Now, to get started, there are some complications to get married in Brazil. Brazil used to be a Military Dictatorship, and so treated their military very well. This included an inheritance of the father’s pension for sons until they turned eighteen, and daughters until they got married. As you can imagine, this lead to some abuse of the system, where a daughter would get married in a Church, but not conduct a civil marriage. The daughter would then remain unmarried in the government’s eyes, and continue to the collect the pension, while being married in a religious sense to avoid any social taboos. The government’s solution to this was simple – they worked with the churches to require a civil marriage before one can get married in a church. Unlike most places in Canada, the marriage licenses in Brazil have a waiting time, so you could end up having to go down a month before your wedding to apply for the license. The easier way to handle this is to get married civilly in Canada, and then you can bring the paperwork to a church in Canada to have them contact their Brazilian equivalent, and certify that the marriage can proceed. If you don’t want a religious marriage, it is even easier – just do a quick trip to city hall before you go to do the paperwork.
While there are many options to choose from, we elected to go with this lovely venue called Porto Pinheiro for the reception. They are located right on the beach, with a lovely outdoor area for the ceremony (should you choose), and a large air conditioned inside (which is important for people who plan to dance the night away).
The inside is just as beautiful!
They do a set package for weddings on Sunday – Thursdays, which includes food, desserts (read: brigadeiro), cake, decorations, music, and lights. Drinks, except water/coconut water/ice, are usually not included, but can be bought easily – Duty free also allows you to buy up to $500 USD on landing in Brazil, which will allow you to supply your own alcohol should you choose. While prices for someone else might change, we are currently budgeting less than $10,000 Canadian to do the entire wedding in Brazil, which includes the the set package for 80 people, including an open bar, and a church ceremony. Compared with the cost of what Canadians usually pay for weddings, this option is a steal. Additionally, in terms of cost passed on to guests of a destination wedding, João Pessoa is extremely budget friendly – the flight is the only expensive part, and will probably be three quarters or more of the all-in cost. Depending on time of year, the costs can be comparable to that of an all-inclusive resort.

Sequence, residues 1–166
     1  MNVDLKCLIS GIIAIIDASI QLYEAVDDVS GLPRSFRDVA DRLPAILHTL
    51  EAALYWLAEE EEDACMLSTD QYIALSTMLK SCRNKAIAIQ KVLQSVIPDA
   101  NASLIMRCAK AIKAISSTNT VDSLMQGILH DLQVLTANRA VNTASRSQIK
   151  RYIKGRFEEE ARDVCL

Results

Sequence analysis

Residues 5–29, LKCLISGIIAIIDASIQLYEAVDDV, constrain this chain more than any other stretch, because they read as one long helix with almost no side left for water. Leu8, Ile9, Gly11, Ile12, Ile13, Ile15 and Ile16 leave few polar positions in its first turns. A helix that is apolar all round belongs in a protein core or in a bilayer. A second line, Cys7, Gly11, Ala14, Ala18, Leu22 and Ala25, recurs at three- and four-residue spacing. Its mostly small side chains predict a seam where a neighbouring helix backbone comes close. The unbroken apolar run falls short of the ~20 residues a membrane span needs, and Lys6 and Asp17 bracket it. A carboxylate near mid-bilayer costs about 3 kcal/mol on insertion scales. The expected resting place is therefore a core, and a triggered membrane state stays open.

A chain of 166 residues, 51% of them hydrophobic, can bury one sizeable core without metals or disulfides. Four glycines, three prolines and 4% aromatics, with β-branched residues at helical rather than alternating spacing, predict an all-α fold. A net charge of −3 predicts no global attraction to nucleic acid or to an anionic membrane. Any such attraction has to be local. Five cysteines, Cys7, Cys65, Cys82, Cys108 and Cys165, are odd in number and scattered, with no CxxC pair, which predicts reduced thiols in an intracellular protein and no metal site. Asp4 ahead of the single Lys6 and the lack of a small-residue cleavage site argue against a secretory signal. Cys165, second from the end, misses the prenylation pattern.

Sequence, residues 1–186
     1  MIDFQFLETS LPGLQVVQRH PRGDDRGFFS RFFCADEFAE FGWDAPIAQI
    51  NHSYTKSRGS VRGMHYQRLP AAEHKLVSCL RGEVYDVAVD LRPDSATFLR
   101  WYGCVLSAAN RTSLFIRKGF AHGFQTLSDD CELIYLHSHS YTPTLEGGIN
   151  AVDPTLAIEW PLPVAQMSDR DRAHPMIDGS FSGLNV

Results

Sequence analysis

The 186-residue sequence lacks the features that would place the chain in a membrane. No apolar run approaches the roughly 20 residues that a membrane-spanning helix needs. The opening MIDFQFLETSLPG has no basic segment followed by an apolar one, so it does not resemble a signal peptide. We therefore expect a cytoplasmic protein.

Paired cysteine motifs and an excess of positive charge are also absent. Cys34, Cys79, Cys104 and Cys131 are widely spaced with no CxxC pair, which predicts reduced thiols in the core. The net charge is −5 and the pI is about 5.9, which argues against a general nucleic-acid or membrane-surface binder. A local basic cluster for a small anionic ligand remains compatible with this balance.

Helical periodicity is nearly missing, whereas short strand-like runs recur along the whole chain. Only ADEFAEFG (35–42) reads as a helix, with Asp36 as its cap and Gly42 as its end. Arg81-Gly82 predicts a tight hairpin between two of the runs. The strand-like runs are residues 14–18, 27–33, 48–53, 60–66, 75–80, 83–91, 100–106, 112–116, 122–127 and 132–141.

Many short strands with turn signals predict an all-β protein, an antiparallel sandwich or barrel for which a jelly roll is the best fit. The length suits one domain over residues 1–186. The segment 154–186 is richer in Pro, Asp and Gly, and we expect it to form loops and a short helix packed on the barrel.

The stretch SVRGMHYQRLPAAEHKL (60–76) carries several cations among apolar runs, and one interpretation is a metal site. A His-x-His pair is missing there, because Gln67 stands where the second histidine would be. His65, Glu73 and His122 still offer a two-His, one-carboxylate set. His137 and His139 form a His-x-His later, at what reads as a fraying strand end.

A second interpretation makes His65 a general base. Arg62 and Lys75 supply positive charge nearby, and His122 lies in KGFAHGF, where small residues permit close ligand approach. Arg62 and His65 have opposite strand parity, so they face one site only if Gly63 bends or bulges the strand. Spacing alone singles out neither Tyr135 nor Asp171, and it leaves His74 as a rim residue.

I know bathrooms are a bit of taboo subject, but there are definitely some things you will want to know before you go.
As to terminology, bathrooms are known as “Os Banheiros” or “Os Sanitarios”. While the former is more commonly used (and found on signs), with my horrible Portuguese accent, I find people are more likely to understand me if I say the latter. You don’t need to actually ask “where is the bathroom?” (Onde é o banheiro?), like in English, just raise your voice at the end of the word to convey that you are asking a question.
However, you probably won’t want to use the public bathrooms for anything besides urinating. Brazilian plumbing is not the same as Canadian. This means that bathroom tissue does not go in the toilet. There is a small garbage in the toilet, and that is where you are supposed to dispose of the soiled paper. The garbage is changed frequently, but it still smells. Also, it is a somewhat small, so you have to use paper sparingly. Airport bathrooms are the worst though, so I would definitely recommend against those. Go during your layover in the USA (assuming you don’t fly direct), and then you should be good until the hotel.
At people’s homes, or in hotel rooms, you are more likely to find a bidet. If it doesn’t work, check the hose for a handle, not everyone uses the bidet, and some people turn it off without realizing. Bidets, however, are the wave of the future. Read the reviews of bidets on Amazon, and the only complaint you’ll find about them is that people get addicted – once you get used to a mini shower for you tushy, it’s hard to feel clean without it. I don’t understand why these things aren’t common in Canada. There is the occasional time you will find one in a public bathroom, but those are far and few between.
Handheld units are by far the most common, use it like you would use a showerhead. The pressure can be a bit strong before you get used to it, so start slowly. Paper is used to dry, otherwise your bottom will be wet just like when you step out of the shower (which, you butt basically will have).
Otherwise, the washrooms are fairly normal. You may occasionally see an open air urinal behind the back of some bars. Brazil generally has signs that ask you limit your paper towel use to two sheets, to help with the environment. Note, that while hand dryers are usually even more environmental, they largely undermine washing your hands at all, and that doesn’t even consider the issues of pull doors.